Article by Paula Quinsee

Paula Quinsee is a Relationship Expert speaker and author of the self-help guide Embracing Conflict. Paula works with individuals and organisations to cultivate healthy relationships in both personal and professional arenas by focusing on personal growth and development. Go to for more info.

They say 90% of the time we function on autopilot. In other words, we are not consciously thinking about what we are doing or why we are doing those things.

They have become habitual.

Think about when you brush your teeth or your morning routine each day when you wake up.

The route you drive to or from home and work each day.

Have there been times when you can’t remember how you got to a place or walked into a room and forgot what you were going to do?

This is because we are not consciously thinking about our actions and thoughts – we are on autopilot. This happens daily with tasks we perform, the way we interact with others, our reactions, our behaviors, things we hold onto from the past and even some of our beliefs.

It has become so ingrained in us over the years that we have not stopped to consider whether those things are still relevant, serve us positively or whether there is possibly something new or different we could consider instead. We lose out on so much as we are unaware of what is going on around us. We miss the signs and messages – both verbal and non-verbal.

A wounded glance, reactive tone of voice, hurt eyes, dejected or closed off body language. We even miss the beauty in everything due to our presence being elsewhere instead of enjoying the moment for what it is – the here and now.

Living mindfully present is important to the quality of the lives we live. Being mindful of our own thoughts, actions and behaviors and the impact they have on others around us. Being fully present in the moment and giving others our undivided attention and efforts is a gift.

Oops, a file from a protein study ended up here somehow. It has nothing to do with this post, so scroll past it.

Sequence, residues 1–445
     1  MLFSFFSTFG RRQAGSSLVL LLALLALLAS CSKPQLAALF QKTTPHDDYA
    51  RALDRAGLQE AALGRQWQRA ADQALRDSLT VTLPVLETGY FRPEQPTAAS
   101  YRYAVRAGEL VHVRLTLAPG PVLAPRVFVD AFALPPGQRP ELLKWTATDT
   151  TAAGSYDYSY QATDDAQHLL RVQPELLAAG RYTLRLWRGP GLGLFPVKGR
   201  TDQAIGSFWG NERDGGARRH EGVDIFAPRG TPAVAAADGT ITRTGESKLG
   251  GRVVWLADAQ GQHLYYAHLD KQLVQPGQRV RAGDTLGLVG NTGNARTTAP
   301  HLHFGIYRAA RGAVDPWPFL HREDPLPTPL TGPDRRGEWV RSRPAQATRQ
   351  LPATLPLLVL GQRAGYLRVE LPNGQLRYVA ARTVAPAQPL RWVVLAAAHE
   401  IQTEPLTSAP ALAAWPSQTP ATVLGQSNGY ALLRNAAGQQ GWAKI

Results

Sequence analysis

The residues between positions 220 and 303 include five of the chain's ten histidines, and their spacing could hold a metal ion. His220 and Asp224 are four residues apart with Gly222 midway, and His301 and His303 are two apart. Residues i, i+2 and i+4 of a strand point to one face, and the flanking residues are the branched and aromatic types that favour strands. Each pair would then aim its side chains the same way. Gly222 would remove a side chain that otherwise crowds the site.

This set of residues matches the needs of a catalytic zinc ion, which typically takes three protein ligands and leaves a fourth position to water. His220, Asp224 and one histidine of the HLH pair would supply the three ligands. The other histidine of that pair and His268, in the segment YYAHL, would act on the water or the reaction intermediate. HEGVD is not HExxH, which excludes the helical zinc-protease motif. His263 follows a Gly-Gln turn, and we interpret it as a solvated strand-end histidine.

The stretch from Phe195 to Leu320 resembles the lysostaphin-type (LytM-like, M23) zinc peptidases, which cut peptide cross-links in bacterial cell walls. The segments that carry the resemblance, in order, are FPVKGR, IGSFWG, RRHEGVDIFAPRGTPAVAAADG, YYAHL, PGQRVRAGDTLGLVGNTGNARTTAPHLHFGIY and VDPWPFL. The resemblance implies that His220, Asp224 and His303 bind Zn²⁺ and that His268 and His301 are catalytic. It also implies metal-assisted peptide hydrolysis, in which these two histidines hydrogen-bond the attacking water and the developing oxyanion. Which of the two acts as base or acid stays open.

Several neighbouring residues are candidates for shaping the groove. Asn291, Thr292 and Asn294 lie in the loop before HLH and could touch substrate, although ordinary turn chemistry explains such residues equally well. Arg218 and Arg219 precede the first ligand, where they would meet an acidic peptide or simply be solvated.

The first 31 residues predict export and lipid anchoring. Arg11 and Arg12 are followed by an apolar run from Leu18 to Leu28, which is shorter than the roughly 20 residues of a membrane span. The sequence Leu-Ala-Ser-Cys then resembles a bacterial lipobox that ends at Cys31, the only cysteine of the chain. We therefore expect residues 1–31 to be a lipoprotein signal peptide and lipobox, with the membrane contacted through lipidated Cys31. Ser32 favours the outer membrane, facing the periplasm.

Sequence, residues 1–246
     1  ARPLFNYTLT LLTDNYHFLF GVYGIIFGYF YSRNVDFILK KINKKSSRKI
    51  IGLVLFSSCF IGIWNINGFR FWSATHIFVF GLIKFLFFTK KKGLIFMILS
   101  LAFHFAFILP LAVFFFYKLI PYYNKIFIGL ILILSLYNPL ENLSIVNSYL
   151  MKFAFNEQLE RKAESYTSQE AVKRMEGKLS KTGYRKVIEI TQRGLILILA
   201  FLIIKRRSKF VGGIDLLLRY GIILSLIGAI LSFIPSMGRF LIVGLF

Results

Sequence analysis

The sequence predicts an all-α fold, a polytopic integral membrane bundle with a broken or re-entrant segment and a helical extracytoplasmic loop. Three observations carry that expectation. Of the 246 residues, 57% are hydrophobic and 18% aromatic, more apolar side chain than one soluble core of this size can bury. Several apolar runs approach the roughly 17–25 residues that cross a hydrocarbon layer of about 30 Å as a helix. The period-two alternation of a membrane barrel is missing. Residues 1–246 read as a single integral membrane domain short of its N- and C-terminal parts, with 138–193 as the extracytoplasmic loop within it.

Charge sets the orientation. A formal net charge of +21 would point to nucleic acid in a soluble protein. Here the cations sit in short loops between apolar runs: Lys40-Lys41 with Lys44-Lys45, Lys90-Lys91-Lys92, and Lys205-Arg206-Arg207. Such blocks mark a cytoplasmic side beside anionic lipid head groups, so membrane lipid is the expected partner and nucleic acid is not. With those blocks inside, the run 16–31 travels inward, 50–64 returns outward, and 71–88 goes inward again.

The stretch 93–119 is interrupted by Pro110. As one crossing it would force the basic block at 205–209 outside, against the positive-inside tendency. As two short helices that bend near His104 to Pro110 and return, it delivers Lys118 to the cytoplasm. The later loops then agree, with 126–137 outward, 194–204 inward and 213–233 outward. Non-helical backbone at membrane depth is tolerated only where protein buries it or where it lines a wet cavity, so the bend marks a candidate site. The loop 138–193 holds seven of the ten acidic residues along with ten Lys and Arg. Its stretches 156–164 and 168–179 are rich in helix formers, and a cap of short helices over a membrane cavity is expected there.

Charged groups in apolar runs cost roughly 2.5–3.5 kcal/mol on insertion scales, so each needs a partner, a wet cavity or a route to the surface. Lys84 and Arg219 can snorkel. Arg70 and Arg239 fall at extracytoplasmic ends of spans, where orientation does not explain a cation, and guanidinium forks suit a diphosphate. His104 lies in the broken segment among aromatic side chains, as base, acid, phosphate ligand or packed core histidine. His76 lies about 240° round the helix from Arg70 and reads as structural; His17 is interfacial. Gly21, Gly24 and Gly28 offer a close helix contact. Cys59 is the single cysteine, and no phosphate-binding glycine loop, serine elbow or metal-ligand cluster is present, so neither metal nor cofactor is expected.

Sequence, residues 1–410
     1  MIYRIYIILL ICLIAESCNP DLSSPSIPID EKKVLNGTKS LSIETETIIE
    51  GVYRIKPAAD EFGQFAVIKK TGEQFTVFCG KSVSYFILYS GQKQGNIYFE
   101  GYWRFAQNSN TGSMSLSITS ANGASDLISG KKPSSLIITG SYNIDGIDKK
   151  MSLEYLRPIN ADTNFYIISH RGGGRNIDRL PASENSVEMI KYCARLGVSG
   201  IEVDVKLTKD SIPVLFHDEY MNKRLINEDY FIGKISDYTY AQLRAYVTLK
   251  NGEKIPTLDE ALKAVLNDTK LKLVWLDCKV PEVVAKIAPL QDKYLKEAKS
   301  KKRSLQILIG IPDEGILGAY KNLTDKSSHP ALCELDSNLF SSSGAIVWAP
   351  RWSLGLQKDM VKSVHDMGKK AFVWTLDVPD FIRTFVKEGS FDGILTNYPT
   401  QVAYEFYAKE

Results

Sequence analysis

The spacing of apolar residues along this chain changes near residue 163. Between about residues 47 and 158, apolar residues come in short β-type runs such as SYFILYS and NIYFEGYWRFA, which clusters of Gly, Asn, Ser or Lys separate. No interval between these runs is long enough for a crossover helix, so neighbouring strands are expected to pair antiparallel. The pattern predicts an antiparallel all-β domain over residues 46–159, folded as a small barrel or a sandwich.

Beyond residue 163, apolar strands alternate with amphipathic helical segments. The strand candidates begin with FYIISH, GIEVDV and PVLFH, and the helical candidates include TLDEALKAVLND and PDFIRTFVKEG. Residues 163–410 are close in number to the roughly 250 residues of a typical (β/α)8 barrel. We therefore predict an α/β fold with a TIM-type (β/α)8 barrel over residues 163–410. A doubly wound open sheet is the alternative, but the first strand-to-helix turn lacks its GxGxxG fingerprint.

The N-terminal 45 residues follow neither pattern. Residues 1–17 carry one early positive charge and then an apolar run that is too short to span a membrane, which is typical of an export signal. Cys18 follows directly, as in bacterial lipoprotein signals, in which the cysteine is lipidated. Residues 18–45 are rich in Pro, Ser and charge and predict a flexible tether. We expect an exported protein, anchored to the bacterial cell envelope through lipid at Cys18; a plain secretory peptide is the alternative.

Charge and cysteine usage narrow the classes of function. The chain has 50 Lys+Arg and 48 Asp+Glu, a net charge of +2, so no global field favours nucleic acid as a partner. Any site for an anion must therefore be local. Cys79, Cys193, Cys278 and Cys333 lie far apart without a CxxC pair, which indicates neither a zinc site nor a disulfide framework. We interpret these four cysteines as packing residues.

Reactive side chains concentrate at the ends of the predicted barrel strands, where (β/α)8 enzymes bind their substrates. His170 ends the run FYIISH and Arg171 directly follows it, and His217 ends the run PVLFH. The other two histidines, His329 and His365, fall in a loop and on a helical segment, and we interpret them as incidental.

how to be mindful


So how do we be mindful everyday?

To be mindful is a daily practice that takes time to master and should be viewed as learning a new skill, just the same as learning to read or write.

It starts with becoming aware of how we talk to ourselves, the words we use, the language we speak. Often we are our own worst critic and berate ourselves harshly. The more we tell ourselves stories, the stronger they become until they take on a life of their own and become the path we live by.

When our self awareness grows, we become aware of our own thoughts and behaviors as well as the impact we are having on others and they are having on us.

We can sense when we are not being authentic and sincere just as much as we can sense when others are not.

We know when we are being true to ourselves and living our truth vs. compromising our own values and personal boundaries and the consequences that come with this.

Some like to meditate, others like to go to the bush or the sea whilst some like to partake in an activity – each with the purpose of connecting us to ourselves and feeding our soul.

It does not matter what you do so long as you do it. With this heightened sense of awareness, we are able to be more creative, positive, solution oriented, peace loving and kind for the benefit of all and mankind.

The intention we set for ourselves is the intention by which we live and treat others. Make yours a positive and uplifting one.


A Reflection Exercise

Can you think of words or phrases you often use when speaking to or about yourself?

Are they positive and uplifting or critical and faultfinding?

Can you remember a situation where you may not have been fully present and aware of your actions?

If you think back to that time now, can you see the different ways your actions may have been interpreted by others?

Would your actions have a positive or negative impact on others?

Is there one thing you can start doing differently today to raise your levels of self awareness?

Look for the good and positive in everyone and every situation because it is there if you dare to try.

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